Lately I've been on a bechamel roll. My favorite is to throw some chicken Better than Bullion in and put it on chicken, carbs, and vegetables. Baking is optional. You can change it up with cajun seasoning (watch the salt), cayenne pepper, thyme, white wine, powdered mustard, paprika, curry powder, . . . Anything that goes with chicken is good. I highly recommend fresh garlic, added about a minute before the milk is added.
My best tip is to microwave the milk before you add it (works on stock in a box as well). I have an over-sized Pyrex measuring cup that is now one of the most used items in the kitchen. Milk burns, so it needs to be stirred constantly, and it's best to use a lower heat setting than you might use for stock. I started my food journey using the skim milk that is already in the fridge. With the fat from the roux, you still get some "umami" or whatever it is that skim milk lacks. Then, I went on a whole milk tear. Yeah, it was a wonderful time, but I'm not so naive as to think that I can do that every day and stay out of the emergency room. So lately, I've settled on 2% milk. I still break out the whole milk or cream for special occasions, but 2% seems to strike a balance between texture and guilt. Your mileage may vary.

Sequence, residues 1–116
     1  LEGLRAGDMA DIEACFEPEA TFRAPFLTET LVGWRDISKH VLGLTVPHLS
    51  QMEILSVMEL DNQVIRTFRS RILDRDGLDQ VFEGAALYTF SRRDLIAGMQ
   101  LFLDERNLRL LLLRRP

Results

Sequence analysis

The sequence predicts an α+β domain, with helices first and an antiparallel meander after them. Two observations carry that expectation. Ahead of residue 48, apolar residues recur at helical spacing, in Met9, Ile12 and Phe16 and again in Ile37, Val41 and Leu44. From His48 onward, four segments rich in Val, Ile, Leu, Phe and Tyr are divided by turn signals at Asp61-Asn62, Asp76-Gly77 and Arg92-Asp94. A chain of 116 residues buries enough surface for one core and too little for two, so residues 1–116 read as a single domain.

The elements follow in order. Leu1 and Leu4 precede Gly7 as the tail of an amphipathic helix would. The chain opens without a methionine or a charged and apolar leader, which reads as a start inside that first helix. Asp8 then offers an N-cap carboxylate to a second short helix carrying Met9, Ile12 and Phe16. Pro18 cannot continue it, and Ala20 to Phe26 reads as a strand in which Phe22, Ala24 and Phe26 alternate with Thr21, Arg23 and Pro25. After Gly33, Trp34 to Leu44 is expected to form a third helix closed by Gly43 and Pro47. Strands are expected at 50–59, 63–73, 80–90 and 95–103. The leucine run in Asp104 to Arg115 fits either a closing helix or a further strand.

My final suggestion is to experiment with your fat for the roux. I baked up some chicken thighs (skin left on for the cooking - very important) and used the fat to make my roux for the sauce. Since this was going to be baked into a casserole, it would not hurt the chicken to sit while a made the sauce (and the sauce was not going to take that long since I heated the milk in the microwave). What I found was that the resulting roux seemed to have water in it. That leaves you two choices - 1) reduce the fat to steam off the water; 2) add some extra fat like butter or olive oil. If you don't do this, you may find that the sauce takes extra time to thicken up and/or it doesn't thicken up like you expect. Casseroles are forgiving about the thickness of your sauce, but I like it pretty thick myself, so keep this in mind if you want a thick sauce from your drippings.
And finally, that non-foodies are always impressed when you tell them that you made a "bechamel" from scratch.